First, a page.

The UAE is facing growing international pressure over its attitude towards illicit financial activity. As details emerge of the trade-based money laundering risks at the heart of Dubai’s gold souks and free trade zones, banks must make difficult decisions over their appetite for risk. John Basquill reports.


April 2020 was a landmark month for the UAE’s approach to financial crime. Following an extensive on-site evaluation, the Financial Action Task Force (FATF) – a highly influential standards-setting body – issued a detailed report accusing authorities of lacklustre efforts in tackling money laundering and “minimal” implementation of international sanctions.

The task force said the country’s dependency on gold, diamond and oil trading, its proximity to conflict zones, and its network of financial and commercial free zones continue to make it an attractive destination for criminal cash.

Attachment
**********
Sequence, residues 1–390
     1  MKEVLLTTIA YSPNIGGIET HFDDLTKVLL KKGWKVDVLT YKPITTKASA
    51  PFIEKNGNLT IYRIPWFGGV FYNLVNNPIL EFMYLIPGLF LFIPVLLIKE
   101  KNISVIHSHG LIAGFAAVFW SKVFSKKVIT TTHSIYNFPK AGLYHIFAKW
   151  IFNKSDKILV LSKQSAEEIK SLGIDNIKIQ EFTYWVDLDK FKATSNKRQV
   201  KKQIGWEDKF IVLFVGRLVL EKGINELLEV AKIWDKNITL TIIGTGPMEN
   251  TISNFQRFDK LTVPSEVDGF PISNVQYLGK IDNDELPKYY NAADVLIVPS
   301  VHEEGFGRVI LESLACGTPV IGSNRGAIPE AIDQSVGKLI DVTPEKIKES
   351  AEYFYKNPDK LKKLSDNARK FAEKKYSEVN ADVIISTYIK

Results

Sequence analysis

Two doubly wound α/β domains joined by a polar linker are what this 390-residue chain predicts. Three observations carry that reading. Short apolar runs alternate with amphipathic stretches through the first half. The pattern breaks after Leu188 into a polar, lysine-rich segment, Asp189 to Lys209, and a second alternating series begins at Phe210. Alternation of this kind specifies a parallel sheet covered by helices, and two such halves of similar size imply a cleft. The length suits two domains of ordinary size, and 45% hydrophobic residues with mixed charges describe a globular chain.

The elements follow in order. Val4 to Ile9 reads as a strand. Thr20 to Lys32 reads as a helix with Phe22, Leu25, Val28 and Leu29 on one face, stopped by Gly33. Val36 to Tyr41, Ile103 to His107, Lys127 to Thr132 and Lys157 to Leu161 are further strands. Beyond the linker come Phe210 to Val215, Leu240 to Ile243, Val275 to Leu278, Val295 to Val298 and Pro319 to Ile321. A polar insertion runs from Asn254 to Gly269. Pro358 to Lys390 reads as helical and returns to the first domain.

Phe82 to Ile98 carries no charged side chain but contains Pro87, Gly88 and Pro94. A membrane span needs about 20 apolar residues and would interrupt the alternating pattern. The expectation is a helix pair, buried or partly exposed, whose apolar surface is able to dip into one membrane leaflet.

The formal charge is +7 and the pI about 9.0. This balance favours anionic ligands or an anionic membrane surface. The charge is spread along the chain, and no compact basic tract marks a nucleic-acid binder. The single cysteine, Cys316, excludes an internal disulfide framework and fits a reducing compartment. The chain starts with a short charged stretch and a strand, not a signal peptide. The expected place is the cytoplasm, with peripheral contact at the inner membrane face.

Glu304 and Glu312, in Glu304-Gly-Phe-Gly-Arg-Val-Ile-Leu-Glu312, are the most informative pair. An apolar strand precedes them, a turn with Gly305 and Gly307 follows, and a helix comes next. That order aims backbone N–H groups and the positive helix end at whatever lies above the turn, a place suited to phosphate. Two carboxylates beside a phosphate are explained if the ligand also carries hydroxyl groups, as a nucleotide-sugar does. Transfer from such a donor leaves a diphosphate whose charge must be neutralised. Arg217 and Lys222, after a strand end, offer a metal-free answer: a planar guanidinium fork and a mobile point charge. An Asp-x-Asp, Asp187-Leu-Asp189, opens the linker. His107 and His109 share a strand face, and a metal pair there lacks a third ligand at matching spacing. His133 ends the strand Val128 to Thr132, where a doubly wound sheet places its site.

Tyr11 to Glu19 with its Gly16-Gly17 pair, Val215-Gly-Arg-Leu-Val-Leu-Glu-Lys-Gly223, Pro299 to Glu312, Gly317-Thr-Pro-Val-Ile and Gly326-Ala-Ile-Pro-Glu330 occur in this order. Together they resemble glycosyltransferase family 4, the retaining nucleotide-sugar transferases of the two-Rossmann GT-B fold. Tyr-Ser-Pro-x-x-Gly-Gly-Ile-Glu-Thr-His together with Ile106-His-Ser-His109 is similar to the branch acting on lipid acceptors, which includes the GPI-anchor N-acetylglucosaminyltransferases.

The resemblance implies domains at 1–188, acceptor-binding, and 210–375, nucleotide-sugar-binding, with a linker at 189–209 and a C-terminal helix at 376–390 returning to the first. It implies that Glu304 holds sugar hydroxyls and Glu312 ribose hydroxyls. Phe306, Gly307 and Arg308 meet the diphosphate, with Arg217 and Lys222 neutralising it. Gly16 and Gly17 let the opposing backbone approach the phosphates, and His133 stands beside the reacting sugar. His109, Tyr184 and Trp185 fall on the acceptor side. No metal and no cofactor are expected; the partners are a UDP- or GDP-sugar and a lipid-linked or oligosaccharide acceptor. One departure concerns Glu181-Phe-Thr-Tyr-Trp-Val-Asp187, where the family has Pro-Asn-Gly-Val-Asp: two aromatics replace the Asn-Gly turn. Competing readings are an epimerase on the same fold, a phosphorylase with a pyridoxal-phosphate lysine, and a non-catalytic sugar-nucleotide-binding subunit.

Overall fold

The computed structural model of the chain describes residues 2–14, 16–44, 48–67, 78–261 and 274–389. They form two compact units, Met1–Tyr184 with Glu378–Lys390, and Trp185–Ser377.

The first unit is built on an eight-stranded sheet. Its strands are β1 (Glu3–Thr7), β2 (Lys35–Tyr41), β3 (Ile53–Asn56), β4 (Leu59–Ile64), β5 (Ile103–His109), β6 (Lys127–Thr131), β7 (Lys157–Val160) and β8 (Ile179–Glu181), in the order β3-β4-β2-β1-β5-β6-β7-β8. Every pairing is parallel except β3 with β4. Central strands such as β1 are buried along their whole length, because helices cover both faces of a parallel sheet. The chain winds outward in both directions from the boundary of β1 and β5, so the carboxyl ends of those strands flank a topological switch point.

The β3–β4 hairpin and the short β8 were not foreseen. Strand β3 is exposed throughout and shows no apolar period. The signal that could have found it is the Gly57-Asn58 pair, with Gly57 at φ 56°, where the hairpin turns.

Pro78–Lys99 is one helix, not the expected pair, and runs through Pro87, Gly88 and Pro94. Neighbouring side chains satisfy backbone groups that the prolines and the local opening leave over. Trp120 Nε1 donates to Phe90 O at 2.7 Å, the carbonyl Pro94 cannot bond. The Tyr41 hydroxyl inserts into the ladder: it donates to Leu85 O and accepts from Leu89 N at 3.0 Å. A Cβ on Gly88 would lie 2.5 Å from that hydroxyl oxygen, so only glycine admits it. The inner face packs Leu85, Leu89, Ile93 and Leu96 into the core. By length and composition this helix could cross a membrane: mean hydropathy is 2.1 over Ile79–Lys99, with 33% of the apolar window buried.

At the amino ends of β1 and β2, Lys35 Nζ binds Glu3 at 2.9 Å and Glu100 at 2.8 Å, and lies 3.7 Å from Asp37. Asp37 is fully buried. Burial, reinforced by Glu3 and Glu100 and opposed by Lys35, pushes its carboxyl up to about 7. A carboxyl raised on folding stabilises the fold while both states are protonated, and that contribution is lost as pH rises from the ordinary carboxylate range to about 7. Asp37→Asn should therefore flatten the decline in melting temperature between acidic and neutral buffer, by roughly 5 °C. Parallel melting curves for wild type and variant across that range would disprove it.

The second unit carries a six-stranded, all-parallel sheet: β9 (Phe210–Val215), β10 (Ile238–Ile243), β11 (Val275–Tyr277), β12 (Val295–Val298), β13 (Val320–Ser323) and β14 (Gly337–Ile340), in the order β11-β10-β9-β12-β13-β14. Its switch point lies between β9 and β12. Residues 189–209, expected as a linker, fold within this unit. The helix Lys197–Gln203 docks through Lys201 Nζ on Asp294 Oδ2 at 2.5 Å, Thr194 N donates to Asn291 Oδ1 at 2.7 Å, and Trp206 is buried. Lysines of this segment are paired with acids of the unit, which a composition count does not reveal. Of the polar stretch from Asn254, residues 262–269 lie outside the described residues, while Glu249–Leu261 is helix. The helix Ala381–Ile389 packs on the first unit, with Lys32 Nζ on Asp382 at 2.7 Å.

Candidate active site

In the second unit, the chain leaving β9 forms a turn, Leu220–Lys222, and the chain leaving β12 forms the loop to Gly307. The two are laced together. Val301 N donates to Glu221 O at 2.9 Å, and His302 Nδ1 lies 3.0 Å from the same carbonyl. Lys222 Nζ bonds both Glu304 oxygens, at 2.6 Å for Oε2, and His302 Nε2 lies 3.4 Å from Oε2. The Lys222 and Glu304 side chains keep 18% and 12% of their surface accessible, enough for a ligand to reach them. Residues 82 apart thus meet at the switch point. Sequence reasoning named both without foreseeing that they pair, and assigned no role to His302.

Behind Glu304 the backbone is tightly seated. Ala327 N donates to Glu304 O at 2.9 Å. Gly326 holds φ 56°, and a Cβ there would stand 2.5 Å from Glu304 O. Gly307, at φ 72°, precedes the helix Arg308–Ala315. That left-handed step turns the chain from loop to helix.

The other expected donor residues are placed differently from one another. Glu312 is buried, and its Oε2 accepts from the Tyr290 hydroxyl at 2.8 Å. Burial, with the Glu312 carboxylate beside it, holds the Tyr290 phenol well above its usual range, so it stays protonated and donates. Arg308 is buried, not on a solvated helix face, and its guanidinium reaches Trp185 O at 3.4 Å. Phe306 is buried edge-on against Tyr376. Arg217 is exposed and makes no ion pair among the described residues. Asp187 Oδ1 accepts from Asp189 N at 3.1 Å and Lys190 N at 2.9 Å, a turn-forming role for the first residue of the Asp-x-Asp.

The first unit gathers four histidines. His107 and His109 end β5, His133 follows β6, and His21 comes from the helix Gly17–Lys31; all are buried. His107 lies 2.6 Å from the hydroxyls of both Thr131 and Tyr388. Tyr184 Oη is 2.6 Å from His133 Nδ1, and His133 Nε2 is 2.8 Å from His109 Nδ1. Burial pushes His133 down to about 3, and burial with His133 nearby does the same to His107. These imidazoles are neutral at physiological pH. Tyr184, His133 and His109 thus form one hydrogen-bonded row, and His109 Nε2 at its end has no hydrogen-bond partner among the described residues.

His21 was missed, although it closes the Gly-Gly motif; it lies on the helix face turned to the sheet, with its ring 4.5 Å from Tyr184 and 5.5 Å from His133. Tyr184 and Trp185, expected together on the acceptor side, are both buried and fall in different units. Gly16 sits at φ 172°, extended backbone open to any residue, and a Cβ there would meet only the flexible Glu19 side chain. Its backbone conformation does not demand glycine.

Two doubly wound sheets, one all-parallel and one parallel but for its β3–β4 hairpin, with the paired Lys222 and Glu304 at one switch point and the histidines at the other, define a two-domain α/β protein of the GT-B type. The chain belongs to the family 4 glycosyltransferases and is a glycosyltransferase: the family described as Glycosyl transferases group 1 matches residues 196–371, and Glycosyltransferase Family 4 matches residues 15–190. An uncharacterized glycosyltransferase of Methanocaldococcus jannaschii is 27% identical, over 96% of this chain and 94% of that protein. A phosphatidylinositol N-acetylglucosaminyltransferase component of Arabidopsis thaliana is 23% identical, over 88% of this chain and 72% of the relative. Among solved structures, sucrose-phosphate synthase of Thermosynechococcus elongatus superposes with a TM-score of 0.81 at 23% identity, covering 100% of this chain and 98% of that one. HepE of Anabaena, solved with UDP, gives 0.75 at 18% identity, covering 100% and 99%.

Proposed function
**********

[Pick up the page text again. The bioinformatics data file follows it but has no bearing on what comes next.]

Despite that, authorities’ effectiveness in investigating and prosecuting money laundering, penalising firms for facilitating financial crime and co-operating with counterparties in other countries were all marked as “low” – the FATF’s lowest score.

“As a major global financial centre and trading hub, it must take urgent action to effectively stop the criminal financial flows that it attracts,” the report said. Financial institutions involved in trade with the UAE were warned they face “significant” risks.

Ultimately, failure to rectify the failings identified could lead to the UAE being added to the task force’s list of high-risk jurisdictions, leaving companies with a choice between exiting the country or facing significant due diligence costs.

However, for banks that facilitate trade with the UAE – and particularly within Dubai’s gold market – there are other, more immediate risks. At a time when many financial institutions are already questioning their role in trade and commodity finance, those risks may prove greater than the rewards.